USDA’s Agricultural Marketing Service (AMS) takes the guesswork out of that process by developing, maintaining and interpreting specific measurements of quality through U.S. standards and grades for a wide variety of agricultural products.  AMS also offers voluntary services to producers and suppliers to certify products to those standards.

Understanding AMS' Withdrawal of Two Voluntary Marketing Claim Standards

Last week, USDA’s Agricultural Marketing Service (AMS) announced that effective January 12, 2016, the agency withdrew two voluntary marketing claim standards – the Grass (Forage) Fed Marketing Claim Standard and the Naturally Raised Marketing Claim Standard. The Naturally Raised Marketing Claim Standard has never been used by anyone.  What does the announcement really mean to grass-fed beef producers and consumers?  The honest answer is nothing.

Consumers and beef producers alike can be assured, AMS still strongly supports the nation’s grass-fed beef industry by serving as an independent verifier of various grass-fed beef marketing programs, and by providing timely market reports that help producers better understand the value of grass-fed cattle and beef.

Intercollegiate Meat Judging Program - Developing Future Ag Leaders

For many years, USDA’s Agricultural Marketing Service (AMS), through its Livestock, Poultry, and Seed Program, has been actively involved in the Intercollegiate Meat Judging Program. The program serves as a tool to recruit and train future leaders in the meat and livestock industry.  Judging is a competitive event for youth through college students and it has a rich history in the U.S. meat industry – and here at AMS.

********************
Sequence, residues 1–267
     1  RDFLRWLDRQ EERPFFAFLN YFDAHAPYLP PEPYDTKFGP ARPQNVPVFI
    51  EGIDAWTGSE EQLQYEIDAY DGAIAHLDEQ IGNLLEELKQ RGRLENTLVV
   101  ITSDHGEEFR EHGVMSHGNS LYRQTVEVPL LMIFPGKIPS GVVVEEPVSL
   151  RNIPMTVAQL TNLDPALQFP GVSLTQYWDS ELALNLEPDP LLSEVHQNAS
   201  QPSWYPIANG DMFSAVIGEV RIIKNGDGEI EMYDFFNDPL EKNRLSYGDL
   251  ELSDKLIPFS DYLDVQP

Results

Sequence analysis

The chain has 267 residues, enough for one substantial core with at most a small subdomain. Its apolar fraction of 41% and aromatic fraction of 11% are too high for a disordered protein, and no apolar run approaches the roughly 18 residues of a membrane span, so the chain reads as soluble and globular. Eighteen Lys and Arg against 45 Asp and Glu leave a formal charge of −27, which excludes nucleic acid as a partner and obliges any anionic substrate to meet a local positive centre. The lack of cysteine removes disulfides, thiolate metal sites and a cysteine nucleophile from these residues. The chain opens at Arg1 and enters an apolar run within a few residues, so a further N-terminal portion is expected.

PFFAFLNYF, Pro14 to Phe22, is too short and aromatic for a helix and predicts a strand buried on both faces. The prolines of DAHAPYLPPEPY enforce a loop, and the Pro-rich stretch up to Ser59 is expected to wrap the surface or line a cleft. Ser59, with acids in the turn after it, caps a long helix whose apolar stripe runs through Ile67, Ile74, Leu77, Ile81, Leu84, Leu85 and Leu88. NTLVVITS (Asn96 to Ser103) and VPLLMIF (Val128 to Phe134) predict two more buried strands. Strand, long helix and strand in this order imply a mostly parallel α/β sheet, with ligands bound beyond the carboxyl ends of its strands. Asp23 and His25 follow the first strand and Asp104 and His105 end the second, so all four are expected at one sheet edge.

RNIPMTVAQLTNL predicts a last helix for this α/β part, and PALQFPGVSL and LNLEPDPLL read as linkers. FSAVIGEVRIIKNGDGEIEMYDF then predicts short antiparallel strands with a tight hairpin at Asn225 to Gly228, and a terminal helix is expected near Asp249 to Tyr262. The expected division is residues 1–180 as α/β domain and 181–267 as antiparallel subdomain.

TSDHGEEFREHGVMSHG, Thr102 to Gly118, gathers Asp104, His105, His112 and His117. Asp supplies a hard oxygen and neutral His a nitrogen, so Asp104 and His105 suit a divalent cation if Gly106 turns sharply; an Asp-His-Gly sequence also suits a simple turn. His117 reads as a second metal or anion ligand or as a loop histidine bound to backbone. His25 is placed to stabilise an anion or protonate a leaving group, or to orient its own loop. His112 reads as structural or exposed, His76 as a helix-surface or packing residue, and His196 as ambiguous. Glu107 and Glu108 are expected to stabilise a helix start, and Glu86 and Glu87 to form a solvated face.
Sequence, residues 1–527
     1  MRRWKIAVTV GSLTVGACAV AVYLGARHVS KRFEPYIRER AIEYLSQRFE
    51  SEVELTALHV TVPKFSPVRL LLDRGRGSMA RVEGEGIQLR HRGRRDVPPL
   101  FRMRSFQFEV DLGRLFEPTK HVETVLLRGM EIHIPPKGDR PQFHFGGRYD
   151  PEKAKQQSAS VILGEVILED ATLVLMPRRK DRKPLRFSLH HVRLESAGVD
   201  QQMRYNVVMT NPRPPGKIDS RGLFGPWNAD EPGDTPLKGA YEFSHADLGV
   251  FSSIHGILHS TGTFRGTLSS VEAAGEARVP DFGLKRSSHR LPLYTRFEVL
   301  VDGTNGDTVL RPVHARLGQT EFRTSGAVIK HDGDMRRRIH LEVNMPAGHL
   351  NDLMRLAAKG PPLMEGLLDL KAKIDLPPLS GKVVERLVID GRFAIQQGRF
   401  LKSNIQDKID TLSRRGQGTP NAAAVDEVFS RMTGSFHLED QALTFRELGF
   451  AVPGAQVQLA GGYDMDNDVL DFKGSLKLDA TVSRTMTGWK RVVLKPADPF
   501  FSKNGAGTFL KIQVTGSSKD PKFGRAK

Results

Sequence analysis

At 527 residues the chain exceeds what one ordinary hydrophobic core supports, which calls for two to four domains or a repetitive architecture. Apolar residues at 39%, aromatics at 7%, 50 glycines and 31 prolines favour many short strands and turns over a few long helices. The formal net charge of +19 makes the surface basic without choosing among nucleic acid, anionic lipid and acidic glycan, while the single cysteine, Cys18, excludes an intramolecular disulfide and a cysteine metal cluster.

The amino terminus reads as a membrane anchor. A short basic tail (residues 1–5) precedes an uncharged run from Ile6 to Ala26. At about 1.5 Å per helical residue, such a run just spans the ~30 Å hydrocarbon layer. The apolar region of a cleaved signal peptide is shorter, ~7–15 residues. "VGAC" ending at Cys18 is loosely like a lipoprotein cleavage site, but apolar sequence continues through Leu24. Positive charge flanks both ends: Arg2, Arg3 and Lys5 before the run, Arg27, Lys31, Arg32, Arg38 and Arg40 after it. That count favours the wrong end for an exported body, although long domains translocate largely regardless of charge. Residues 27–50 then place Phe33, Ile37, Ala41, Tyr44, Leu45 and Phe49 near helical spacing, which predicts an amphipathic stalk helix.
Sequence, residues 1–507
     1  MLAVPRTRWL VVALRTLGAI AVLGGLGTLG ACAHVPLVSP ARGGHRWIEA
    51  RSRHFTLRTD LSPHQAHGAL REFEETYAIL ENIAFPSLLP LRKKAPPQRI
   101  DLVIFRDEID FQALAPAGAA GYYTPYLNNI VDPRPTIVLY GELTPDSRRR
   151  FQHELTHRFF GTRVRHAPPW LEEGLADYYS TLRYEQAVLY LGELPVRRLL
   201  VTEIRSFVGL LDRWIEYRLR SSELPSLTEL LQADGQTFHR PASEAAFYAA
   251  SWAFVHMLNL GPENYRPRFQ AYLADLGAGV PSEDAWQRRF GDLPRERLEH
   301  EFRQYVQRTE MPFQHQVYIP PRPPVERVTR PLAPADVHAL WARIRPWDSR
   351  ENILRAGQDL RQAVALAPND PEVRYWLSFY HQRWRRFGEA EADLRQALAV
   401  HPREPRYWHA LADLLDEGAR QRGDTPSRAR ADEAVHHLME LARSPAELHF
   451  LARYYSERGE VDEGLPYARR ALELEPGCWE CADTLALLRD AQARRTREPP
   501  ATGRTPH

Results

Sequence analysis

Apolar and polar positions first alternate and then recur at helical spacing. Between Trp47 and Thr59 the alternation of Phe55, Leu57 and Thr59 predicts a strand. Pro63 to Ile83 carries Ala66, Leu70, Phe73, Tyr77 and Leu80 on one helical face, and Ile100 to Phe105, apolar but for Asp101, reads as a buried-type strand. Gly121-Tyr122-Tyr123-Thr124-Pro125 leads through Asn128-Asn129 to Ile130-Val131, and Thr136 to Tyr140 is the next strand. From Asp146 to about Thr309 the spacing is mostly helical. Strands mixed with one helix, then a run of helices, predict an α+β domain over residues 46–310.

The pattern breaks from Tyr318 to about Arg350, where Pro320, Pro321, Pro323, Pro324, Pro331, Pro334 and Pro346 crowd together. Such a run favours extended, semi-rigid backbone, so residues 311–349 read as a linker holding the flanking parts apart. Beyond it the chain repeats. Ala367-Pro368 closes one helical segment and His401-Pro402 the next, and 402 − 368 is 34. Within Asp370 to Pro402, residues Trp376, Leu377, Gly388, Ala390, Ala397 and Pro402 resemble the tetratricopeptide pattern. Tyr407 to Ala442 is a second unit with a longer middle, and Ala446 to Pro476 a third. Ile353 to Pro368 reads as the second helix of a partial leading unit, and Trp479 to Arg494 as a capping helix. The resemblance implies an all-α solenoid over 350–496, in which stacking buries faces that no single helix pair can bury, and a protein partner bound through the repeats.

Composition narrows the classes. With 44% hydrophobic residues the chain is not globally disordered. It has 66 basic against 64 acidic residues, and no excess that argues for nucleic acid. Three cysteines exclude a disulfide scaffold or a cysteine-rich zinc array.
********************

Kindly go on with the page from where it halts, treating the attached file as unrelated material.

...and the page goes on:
The program originally started in 1926 at the International Livestock Exposition in Chicago, and was sponsored by the National Live Stock and Meat Board.  Contests have been held every year since 1926, with the exception of the war years.

Keeping U.S. Meat Competitive on the World Stage

USDA’s Agricultural Marketing Service (AMS) has the vital mission of administering programs that help market American agricultural products competitively in the global marketplace.  One of the ways AMS meets this mission is through the development of our own globally recognized meat standards, developed by the program I oversee, the AMS Livestock, Poultry and Seed Program.  However, separately, AMS works to achieve our mission through our participation and leadership in international standards setting organizations such as the UNECE.

For many years, I have represented the U.S. as the Vice-Chairperson of the Economic Commission for Europe (UNECE) Specialized Section on Standardization of Meat.  UNECE is one of the many sections of the United Nations (UN), and facilitates international trade by developing agricultural quality standards.

Excellence in Taste and Flavor: American Kobe-Style Beef